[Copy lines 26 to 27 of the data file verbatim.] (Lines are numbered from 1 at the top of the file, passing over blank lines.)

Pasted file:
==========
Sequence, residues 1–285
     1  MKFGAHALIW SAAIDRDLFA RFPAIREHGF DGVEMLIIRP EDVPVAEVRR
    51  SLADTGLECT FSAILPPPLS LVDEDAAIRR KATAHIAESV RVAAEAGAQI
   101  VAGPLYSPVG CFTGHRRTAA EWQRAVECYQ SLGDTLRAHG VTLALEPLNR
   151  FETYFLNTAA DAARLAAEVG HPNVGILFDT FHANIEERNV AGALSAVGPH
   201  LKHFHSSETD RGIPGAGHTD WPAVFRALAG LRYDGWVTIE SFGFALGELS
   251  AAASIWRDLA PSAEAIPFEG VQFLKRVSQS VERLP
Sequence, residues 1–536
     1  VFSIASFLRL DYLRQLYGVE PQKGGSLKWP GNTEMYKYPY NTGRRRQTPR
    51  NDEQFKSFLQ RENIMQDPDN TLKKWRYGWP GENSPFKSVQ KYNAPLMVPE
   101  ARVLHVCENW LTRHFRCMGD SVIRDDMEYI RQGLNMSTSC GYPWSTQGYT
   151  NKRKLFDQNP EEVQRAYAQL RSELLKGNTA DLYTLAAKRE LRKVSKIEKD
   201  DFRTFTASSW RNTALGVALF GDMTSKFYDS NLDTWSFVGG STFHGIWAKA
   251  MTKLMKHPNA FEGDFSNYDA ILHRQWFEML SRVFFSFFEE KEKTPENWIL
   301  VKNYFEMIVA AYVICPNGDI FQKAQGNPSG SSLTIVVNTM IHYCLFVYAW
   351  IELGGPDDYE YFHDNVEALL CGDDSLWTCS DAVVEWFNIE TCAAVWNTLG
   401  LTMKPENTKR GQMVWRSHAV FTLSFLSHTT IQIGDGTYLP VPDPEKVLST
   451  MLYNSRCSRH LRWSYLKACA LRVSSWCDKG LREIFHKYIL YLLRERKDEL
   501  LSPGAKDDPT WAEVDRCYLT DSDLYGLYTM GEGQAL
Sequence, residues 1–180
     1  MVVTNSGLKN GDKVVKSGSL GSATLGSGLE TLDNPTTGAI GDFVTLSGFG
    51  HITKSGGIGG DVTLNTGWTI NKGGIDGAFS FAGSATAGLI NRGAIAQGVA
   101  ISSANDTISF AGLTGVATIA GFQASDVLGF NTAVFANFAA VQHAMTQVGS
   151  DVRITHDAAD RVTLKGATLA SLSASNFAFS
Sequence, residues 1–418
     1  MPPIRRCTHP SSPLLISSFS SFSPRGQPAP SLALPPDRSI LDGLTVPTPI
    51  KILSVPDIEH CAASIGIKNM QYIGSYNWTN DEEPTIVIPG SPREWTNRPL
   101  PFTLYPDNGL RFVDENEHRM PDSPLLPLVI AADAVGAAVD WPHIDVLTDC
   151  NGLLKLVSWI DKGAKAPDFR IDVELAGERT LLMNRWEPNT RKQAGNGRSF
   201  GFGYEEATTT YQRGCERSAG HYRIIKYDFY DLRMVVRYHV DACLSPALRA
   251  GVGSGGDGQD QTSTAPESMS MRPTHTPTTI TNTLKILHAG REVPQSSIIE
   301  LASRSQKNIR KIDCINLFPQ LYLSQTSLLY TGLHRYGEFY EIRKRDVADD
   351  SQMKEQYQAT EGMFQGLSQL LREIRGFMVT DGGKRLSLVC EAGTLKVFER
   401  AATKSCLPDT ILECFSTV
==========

     1  MPPIRRCTHP SSPLLISSFS SFSPRGQPAP SLALPPDRSI LDGLTVPTPI
    51  KILSVPDIEH CAASIGIKNM QYIGSYNWTN DEEPTIVIPG SPREWTNRPL